Religion

Valentine’s Day a universal tradition

Hearts, chocolates, flowers, cupids and cards expressing sentiments of love are popular items today. So are crowded restaurants. Though there are many stories about how Valentine’s Day began, one thing is certain … the day is popular. Just take a look in the card aisle at your stores. Take a peek in the windows of the candy shops or florists. Or try to get a reservation for dinner tonight. We here in the United States love Valentine’s Day!

Europeans like it also. In Finland, for example, it is referred to as Friend’s Day and the focus is friendship rather than lovers. Norwegians celebrate Valentinsdagen by sending a card to a lover. In Italy, it is a day for couples to announce their engagement.

The Asian Valentine’s Day is celebrated on the seventh day of the seventh lunar month in the Chinese calendar when lovers go to the temple of Matchmaker and pray for their love and happiness and their possible marriage. People in Australia utilize the Valentine’s Day festival to strengthen bonds of love with family, friends, colleagues and neighbors. Travel the world and somehow we find ways to celebrate love and friendship.

This is a good day to remember those who are single and wish they weren’t. Not everyone who is single wishes they had a partner, but many do and for them, Valentine’s Day can be rather lonely or even painful. Restaurants look like Noah’s Ark as they fill with couples celebrating love. Even movie theaters and parks serve as a constant reminder that it is a day for couples.

So why the big celebration? Well, we know that the greeting card, flower and candy industry most likely had something to do with promoting this day.

But that aside, most of us know that without someone to love — be it a spouse, family members, neighbors, pets or friends — life can be lonely and sad. We need people in our lives. The vast majority of us would be quite lonely without family and friends.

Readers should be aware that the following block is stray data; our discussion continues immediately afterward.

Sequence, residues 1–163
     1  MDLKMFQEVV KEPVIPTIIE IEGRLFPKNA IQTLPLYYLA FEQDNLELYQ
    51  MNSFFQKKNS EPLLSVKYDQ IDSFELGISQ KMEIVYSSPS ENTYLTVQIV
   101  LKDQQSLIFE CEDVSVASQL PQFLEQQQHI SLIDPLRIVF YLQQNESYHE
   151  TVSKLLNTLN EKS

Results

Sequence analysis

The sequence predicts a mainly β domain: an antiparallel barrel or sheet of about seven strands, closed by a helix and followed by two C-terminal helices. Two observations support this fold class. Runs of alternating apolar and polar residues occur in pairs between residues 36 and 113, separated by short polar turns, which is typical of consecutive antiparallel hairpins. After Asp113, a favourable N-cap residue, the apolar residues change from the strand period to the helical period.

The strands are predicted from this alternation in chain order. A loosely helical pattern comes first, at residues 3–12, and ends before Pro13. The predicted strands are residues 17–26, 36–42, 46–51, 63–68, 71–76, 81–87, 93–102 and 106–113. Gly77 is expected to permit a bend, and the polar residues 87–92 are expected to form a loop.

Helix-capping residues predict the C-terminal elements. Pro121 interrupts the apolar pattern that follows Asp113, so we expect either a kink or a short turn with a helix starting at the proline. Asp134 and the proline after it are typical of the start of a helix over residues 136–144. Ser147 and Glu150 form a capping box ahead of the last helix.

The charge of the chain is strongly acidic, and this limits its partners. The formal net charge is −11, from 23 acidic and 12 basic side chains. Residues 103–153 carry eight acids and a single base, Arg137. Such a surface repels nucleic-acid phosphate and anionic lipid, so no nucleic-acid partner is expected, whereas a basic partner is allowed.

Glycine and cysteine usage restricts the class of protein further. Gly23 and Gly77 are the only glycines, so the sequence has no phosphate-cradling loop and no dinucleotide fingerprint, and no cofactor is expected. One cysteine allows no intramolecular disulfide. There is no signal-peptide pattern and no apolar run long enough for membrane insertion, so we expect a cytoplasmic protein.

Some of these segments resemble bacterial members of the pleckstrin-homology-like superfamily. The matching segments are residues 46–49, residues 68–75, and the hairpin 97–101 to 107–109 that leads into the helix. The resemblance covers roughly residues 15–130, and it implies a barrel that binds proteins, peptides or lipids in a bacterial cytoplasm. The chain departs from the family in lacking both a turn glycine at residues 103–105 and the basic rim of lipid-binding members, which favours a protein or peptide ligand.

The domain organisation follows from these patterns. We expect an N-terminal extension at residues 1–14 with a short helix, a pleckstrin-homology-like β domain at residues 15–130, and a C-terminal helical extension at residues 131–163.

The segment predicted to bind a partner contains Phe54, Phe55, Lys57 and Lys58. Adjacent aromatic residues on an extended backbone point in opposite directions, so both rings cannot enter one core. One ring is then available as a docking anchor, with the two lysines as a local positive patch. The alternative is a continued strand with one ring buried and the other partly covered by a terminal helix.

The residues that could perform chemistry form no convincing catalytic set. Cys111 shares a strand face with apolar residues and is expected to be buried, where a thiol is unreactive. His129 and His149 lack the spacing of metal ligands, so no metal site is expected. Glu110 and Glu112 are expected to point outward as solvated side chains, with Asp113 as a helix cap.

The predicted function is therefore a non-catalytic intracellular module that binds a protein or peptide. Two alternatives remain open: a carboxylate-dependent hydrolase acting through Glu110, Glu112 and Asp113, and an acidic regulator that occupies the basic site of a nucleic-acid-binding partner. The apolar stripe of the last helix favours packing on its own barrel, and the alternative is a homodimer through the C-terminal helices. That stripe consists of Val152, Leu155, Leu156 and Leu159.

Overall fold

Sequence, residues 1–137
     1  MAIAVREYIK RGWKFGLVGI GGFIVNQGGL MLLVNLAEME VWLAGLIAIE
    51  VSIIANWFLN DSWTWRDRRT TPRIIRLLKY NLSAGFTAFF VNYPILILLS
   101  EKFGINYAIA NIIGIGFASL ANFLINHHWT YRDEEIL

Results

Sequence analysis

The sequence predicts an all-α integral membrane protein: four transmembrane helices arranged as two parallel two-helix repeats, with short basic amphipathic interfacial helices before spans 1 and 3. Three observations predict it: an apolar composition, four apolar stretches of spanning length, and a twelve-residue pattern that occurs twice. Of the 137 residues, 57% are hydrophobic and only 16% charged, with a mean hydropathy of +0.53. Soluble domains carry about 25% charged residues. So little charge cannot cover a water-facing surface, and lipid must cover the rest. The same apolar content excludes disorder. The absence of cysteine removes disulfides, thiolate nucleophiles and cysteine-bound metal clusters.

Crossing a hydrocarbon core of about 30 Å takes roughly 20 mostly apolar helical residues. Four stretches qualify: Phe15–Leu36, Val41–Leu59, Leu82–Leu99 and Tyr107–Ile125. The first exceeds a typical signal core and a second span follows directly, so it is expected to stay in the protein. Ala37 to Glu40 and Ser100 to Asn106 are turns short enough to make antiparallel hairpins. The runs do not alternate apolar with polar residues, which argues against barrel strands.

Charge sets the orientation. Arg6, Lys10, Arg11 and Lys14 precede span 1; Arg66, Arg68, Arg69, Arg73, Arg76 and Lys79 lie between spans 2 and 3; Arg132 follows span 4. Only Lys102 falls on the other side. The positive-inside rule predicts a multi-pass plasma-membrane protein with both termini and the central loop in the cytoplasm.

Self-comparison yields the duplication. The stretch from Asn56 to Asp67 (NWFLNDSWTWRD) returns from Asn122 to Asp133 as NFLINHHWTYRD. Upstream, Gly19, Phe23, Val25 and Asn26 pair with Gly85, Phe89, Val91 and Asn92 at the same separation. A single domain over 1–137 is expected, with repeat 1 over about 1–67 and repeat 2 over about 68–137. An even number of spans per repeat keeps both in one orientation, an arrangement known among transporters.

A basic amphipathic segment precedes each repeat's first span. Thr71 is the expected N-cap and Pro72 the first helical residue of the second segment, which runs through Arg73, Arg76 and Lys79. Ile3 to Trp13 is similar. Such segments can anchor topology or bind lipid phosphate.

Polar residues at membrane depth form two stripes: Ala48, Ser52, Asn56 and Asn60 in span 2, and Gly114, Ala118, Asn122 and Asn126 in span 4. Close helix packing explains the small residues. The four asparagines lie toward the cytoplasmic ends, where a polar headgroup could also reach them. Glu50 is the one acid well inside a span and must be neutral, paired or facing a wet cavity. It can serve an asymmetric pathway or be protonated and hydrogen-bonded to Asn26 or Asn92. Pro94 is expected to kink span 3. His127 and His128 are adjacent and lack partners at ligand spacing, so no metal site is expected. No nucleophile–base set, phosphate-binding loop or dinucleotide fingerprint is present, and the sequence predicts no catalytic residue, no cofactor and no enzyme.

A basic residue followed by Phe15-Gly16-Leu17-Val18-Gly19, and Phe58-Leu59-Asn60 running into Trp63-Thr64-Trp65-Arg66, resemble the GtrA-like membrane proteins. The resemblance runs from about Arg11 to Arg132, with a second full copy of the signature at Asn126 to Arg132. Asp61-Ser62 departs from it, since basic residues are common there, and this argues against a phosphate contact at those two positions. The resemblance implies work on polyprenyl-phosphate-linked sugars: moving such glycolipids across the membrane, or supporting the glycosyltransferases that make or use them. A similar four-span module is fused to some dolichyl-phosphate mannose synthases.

But it is not just about getting love from people. It is also about giving love. In fact, giving might be the most important part of love and friendship. It is a sign of maturity when giving becomes more important than receiving. As we age we begin to see that giving back to this world is an essential part of our happiness and fulfillment. Very small children grab toys from other children. It is age appropriate. When their children learn to share, parents celebrate knowing they have done something right in teaching their young to be unselfish.

Consider how good you feel when you help someone who needs assistance. In our flood last summer, those who assisted consistently reported that they received more than they gave as they helped victims in so many ways. At a recent birthday party it felt very good for guests to give to a worthy cause instead of the celebrant.

With this in mind, today might be a good time to find a cause and donate some time or money to it. It is a day to celebrate love, and that means it is a day to give. Why not put the heart-shaped box of chocolates aside for a bit and stroll down to your nearest shelter or food pantry to donate some energy or time. You will feel better about yourself and you will feel better about life.

Mary Friedel-Hunt, freelance writer, publisher (Voice of the River Valley) and a licensed clinical social worker, has been a psychotherapist for 32 years. Her column runs weekly in Faith & Values. You may contact her by writing to: P.O. Box 189, Lone Rock, WI. 53556.

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